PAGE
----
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Mend, Don’t End, California’s Death Penalty

Child killers. Rape-torture-murderers. Cop killers and serial murderers. These are the worst of the worst.

It takes an evil person to kill another innocent human being, but it takes an especially depraved mind to commit acts so utterly heinous that you earn a spot on California’s death row. Depraved minds like that of Charles Ng, who over the course of 1983 to 1985, committed as many as 25 murders in Calaveras County. Ng kidnapped families, tortured then murdered fathers and infants while forcing the mothers to watch. He then repeatedly tortured and raped the mothers, before finally killing them as well.

It has been over 30 years since his last murder.

Ng fled to Canada where he fought extradition for over six years. Finally sent back to California, he engaged in a series of legal maneuvers to delay his trial for seven more years. His time in court did not begin until late 1998 – 13 years after his last rape-torture-murder. He was convicted and sentenced to death in 1999 and for 17 years since, has sat on death row in San Quentin, denying justice for the families of his victims.

To protect public safety, bring justice to the worst criminals and closure for the families whose loved ones were taken from them, California’s death penalty must be reformed so that it can actually be used. These reforms are not complicated. They include requiring special death penalty counsel to be appointed sooner to stop legal delays, requiring death row inmates to work while awaiting appeals and pay restitution to their victims’ families, allowing death row inmates to be housed in double cells in any maximum security prison and replacing the current, three-drug lethal injection cocktail with a single-drug protocol that is the same drug recently approved for physician-assisted suicide in California.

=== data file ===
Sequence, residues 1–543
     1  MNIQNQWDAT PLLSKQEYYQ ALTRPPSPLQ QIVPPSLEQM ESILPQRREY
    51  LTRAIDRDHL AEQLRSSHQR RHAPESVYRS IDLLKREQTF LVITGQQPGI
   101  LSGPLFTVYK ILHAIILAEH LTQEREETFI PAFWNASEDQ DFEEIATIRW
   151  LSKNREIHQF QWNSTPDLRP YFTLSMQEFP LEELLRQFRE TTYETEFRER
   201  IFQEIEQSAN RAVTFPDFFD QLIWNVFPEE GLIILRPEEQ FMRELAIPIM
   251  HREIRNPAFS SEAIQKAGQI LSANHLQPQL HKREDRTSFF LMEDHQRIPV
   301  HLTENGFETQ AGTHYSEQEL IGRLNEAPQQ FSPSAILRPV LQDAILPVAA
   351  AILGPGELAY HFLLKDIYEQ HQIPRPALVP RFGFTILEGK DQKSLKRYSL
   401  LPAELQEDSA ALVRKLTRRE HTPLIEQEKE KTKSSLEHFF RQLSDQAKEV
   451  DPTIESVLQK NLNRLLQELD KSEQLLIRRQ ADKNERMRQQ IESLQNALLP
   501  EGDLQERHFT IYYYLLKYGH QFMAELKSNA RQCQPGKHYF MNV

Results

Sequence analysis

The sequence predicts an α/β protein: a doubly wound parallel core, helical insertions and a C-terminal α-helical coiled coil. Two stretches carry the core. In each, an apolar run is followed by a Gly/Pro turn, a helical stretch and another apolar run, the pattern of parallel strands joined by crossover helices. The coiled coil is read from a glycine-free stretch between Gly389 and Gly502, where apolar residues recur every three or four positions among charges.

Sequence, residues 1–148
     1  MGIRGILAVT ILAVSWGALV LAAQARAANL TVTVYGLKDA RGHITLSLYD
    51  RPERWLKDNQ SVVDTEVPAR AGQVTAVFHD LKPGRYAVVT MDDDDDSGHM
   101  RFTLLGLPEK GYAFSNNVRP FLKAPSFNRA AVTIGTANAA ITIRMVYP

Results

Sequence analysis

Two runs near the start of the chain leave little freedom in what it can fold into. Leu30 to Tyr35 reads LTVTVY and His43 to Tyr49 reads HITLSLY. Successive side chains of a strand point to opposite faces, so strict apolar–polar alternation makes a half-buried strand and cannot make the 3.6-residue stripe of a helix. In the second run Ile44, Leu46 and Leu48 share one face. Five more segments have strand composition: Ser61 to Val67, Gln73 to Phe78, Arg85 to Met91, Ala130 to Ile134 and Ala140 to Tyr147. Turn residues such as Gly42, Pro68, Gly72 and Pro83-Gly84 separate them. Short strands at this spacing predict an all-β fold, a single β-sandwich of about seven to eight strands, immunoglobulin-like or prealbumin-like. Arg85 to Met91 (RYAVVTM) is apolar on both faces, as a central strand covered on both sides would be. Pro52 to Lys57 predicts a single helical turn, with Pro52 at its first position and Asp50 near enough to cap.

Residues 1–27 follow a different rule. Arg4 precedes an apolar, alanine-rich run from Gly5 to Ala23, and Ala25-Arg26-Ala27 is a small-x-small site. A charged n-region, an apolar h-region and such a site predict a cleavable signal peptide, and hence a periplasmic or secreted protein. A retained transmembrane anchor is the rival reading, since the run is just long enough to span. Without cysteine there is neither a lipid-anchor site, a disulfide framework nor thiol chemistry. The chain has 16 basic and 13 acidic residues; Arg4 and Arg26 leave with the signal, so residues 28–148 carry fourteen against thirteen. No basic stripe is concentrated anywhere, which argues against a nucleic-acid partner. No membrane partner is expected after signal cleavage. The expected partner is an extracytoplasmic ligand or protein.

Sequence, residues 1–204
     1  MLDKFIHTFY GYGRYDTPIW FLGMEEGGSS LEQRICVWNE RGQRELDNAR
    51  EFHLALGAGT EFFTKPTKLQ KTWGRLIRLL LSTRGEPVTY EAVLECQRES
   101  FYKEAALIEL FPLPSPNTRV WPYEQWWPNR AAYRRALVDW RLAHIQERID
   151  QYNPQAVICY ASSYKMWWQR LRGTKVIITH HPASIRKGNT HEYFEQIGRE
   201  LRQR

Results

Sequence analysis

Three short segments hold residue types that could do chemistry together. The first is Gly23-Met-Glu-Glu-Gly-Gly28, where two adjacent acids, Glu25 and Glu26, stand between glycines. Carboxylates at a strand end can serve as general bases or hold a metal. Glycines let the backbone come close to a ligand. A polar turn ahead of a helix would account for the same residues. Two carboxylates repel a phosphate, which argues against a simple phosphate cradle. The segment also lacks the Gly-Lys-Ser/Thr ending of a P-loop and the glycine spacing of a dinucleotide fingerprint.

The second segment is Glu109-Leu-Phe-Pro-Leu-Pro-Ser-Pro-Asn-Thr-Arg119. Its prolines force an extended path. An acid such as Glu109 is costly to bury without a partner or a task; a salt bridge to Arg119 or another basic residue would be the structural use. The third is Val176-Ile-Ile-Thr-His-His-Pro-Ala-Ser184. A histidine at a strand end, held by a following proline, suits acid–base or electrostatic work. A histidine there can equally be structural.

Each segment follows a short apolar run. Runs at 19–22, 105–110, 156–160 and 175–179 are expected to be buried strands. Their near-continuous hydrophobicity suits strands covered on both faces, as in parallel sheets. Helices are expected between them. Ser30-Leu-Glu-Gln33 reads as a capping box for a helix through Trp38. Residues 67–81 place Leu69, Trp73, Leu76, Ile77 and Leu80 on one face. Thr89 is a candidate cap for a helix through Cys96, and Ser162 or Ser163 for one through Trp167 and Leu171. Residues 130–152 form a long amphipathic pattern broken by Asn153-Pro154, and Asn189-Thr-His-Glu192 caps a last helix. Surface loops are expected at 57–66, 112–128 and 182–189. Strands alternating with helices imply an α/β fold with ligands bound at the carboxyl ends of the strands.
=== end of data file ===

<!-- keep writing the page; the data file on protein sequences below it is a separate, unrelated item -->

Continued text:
Unfortunately, at the same time victims’ families, districts attorneys, and law enforcement leaders are trying to reform the death penalty, opposing forces are working to repeal it and they have received millions of dollars from liberal activists and expected to qualify for the ballot. The only way to stop this repeal effort is to ensure the California Death Penalty Reform and Savings measure is also on the ballot.

Despite all the attacks against the death penalty by the soft-on-crime liberals, Californians still strongly support capital punishment. If they have a fair choice, they will pick reform over repeal and we need to give them that choice.

We are in the final stages of collecting the signatures needed to place the reform measure on the ballot. Petitions are being collected by volunteers, but in a state as big as California, some portion of signatures will be collected by paid petition gatherers and our campaign is behind our fundraising goal to make sure we can pay for them. Our campaign needs to raise one million dollars by next week, or death penalty reform may not make it on the ballot.

The threat, and application, of a working death penalty law in California is law enforcement’s strongest tool to keep our communities safe. After two decades of falling crime in California, violent crime is on the rise again in our state.

It’s no accident that since thousands of prisoners started getting early release to relieve prison overcrowding, and dozens of other crimes were changed from felonies to misdemeanors, that crime has started to go back up. If the death penalty is also repealed, many law enforcement leaders fear that we will face a tidal wave of violent crime like we have not seen in over 20 years.

For the victims and their families and for law enforcement leaders who toil every day to keep us safe, help us save and reform the death penalty.

Mike Ramos is District Attorney of San Bernardino County